Annual performance statement

Annual performance Statement for 2016-17

Performance reporting framework


In 2016–17, the department successfully achieved its purpose of facilitating all meetings required under decisions of the Senate and its committees. In doing so, the department provided comprehensive, timely and high-quality support to senators, the Senate and committees, as well as prompt and accurate procedural advice and legislative support. The department achieved this result against the challenging environment of the continued elevated demand for its services, particularly in assisting a very large number of committee inquiries, and providing support to senators drawn from the parties of government and opposition, as well as the largest cross-bench since Federation.

The department:

  • Prepared for the successful opening of the 45th Parliament on 30 August 2016
  • Provided a comprehensive induction program for new senators elected at the 2016 federal election so that they could perform their constitutional roles
  • published a range of materials on the role and work of the Senate and the Parliament, and delivered effective education and information programs
  • managed its staff in accordance with its enterprise agreement and provided learning and development opportunities to maintain the department's capabilities
  • delivered its services in a cost-effective manner and in accordance with accountability requirements.

The department continued to work with the other parliamentary departments to deliver its services, to improve support for the Parliament and the work of its members and to enhance the strategic direction of the parliamentary service. The four parliamentary departments continued to co-operate across various fronts to advance a seamless model of support for the Parliament and parliamentarians, particularly in the areas of security, information communication technology, and the integration of the business systems that support the work of the Houses and their committees.

After one-off supplementation of $3m, the department's financial result for the year was a deficit of $0.5m. This result reflects the costs of the additional resources required to support high levels of committee activity, as well as adjustments to the department's leave liabilities. The deficit was funded through the department's reserves. The department's financial statements commence at page 71.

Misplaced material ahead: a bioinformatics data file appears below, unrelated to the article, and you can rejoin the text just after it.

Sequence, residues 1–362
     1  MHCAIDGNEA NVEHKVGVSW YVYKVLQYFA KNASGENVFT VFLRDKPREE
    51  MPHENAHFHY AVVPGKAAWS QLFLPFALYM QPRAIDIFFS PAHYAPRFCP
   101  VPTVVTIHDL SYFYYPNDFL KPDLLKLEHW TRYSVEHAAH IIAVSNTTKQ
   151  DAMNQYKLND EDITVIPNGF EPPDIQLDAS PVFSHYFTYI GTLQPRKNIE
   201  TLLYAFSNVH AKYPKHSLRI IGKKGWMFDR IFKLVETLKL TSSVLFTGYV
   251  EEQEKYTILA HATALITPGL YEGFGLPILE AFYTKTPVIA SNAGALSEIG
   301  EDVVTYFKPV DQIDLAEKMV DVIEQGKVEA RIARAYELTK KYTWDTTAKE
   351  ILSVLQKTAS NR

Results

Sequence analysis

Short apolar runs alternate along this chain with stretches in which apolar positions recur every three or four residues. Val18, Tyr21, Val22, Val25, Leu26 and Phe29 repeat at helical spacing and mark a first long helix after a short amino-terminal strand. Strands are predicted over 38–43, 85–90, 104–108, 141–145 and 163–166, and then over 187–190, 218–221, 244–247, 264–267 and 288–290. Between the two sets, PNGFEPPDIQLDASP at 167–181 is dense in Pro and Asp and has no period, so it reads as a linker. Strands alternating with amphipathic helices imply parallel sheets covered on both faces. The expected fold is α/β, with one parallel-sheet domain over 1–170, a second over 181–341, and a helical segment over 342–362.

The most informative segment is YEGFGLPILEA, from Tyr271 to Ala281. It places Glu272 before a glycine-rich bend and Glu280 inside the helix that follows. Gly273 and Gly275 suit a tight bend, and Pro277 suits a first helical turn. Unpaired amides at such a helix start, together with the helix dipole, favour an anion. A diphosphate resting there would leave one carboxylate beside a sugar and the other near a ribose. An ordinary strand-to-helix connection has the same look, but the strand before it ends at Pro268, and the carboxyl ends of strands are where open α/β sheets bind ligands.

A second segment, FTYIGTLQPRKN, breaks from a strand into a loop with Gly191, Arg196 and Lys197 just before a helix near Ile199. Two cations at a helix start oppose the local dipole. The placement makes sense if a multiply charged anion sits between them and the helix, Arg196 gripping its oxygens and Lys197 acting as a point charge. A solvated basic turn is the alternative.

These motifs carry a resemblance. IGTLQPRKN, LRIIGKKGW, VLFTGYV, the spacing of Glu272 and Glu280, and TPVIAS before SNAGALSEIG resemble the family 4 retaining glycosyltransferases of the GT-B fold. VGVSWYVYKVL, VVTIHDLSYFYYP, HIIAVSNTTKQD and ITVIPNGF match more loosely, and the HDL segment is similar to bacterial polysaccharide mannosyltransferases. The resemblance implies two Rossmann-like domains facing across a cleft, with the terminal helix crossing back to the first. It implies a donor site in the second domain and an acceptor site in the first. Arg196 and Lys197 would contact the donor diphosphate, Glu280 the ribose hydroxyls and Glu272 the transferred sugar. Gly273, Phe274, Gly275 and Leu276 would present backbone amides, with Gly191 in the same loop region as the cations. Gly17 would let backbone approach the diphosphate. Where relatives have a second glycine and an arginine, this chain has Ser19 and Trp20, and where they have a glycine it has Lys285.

This performance statement records the department's results against the planned performance table in figure 3 (above), which is derived from its 2016–20 Corporate Plan and its PBS for 2016–17. The subsequent parts of this chapter report on the activities and performance of each office against the criteria contained in the departmental workplans.

This performance statement is based on records of feedback kept by departmental staff, surveys conducted by particular work areas and comments made by relevant groups and committees. An audit conducted by the department's internal auditors assessed how this feedback was collated and interpreted. This audit provided helpful suggestions to improve the processes in future reporting periods.

In summary, this data shows both a high level of demand for the department's services and advice, and satisfaction with what is provided. This is against a backdrop of a new Senate commencing in August 2016, a large cross-bench, and continued high levels of legislative and committee activity.


Secretariat support for the Senate

Assessment: The department's activities enable the Senate and its committees to meet in accordance with their decisions

Target: Secretariat support is provided for all meetings

This criterion was fully met during 2016–17 through two program components:

1. Secretariat support for the Senate

The department provided secretariat support for the Senate on each of its 48 sitting days.

During the sittings the Clerk, the Deputy Clerk and senior officers provided advice in the Senate to the President, temporary chairs and other senators and their staff. The Table Office and the Procedure Office provided procedural scripts and advice to assist senators participating in proceedings. Feedback from senators acknowledged the value and accuracy of this advice and support.

Formal and ceremonial support for sittings was provided by the Black Rod's Office, particularly in organising the opening of the 45th Parliament. While the ceremonial side of this event attracts the most attention, it is also an important day procedurally as the returned election writs are tabled, new senators take their seats, the President is elected and the Senate commences business.

The Table Office published the Senate's formal records and informal guides to its work. These resources were accurate and timely and produced to meet the needs of senators and Senate deadlines. Documents supporting the Senate's legislative work were also uniformly accurate and timely. Documents received for tabling were processed, and all recorded in procedural documents and archived. Increasingly documents and business information are published online, enhancing the ability of senators and others to follow and participate in Senate proceedings and improvements to digital publishing processes were implemented during the reporting period.